Paper No. 11-29
Presentation Time: 9:00 AM-6:00 PM
DISSOLVED URANIUM IN THE GROUNDWATERS OF THE WESTERN PENINSULAR RANGES BATHOLITH, SAN DIEGO COUNTY, CALIFORNIA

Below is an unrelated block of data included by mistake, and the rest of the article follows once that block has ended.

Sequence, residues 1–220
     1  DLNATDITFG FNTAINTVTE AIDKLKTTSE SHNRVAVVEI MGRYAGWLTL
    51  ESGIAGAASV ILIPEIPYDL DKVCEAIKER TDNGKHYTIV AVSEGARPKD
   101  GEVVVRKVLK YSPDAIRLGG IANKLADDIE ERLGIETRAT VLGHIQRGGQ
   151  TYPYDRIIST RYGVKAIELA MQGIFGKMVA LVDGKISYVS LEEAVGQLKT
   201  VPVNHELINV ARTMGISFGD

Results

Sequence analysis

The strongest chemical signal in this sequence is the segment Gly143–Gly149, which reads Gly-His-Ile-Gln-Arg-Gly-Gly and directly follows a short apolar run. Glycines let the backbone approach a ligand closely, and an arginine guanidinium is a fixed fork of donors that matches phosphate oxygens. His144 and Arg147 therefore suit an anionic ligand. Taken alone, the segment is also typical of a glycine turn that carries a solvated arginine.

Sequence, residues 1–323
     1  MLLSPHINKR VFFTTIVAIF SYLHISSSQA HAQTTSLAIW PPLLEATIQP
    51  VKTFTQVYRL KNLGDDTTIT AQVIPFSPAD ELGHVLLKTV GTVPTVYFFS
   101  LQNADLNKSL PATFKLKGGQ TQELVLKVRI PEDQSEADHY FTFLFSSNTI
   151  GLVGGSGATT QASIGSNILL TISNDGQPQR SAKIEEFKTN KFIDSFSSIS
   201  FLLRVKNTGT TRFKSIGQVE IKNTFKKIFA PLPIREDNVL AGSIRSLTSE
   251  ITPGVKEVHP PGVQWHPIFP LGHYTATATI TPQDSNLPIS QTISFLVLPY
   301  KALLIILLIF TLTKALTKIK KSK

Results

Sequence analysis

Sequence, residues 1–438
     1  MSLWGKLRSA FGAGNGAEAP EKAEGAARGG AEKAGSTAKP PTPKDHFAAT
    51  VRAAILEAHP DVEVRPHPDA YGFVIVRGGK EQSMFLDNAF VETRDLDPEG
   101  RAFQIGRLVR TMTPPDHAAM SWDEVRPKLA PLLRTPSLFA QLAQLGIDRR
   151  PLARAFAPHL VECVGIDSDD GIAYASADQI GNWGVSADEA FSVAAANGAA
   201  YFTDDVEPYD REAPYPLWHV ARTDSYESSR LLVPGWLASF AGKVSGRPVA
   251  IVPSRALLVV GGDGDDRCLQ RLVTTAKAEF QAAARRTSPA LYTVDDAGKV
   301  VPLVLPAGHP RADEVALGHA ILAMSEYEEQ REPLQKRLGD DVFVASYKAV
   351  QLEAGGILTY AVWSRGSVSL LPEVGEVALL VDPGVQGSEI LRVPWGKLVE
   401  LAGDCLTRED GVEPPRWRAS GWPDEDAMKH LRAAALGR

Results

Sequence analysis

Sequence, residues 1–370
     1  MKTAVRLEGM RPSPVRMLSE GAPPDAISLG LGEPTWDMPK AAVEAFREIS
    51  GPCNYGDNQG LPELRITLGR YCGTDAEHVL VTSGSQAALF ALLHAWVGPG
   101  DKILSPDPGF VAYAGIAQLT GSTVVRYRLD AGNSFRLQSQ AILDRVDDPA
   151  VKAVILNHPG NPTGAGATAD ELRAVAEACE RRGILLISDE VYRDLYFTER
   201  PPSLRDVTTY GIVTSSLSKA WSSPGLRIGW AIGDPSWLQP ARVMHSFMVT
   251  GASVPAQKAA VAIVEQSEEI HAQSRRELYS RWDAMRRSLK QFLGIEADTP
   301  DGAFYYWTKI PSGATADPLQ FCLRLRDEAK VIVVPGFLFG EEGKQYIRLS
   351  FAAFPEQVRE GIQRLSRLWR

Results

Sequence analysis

Detectable levels of dissolved uranium can be found in most municipal and private potable water systems; however, ingestion of levels above the Maximum Contaminant Level (30 ug/L) have been shown to cause kidney issues as well as other health effects. Although public water wells are tested at least annually for water quality, private water wells in rural areas are not tested as frequently, if at all. Recently, dissolved uranium in excess of state and federal standards has been discovered in the groundwater in and around the Descanso region of San Diego County. This area is located within the Western Peninsular Ranges Batholith and is characterized by moderately fractured Cretaceous igneous intrusions with multiple late Cretaceous pegmatitic dikes. Based on reviews of mine claim data and field observations, the uranium deposits (uranophane) occur as a rind or film on weathered surfaces of the fractured pegmatite intrusions. Available data suggests the groundwater is fracture controlled and stratified as wells proximal to each other have highly variable uranium concentrations. In this study, chemical data from multiple municipal and private wells are compared to the state and federal limits on uranium and the effectiveness of insitu mitigation techniques utilized in the region are also assessed. The results of this study show that more stringent testing of private wells in the region may be necessary.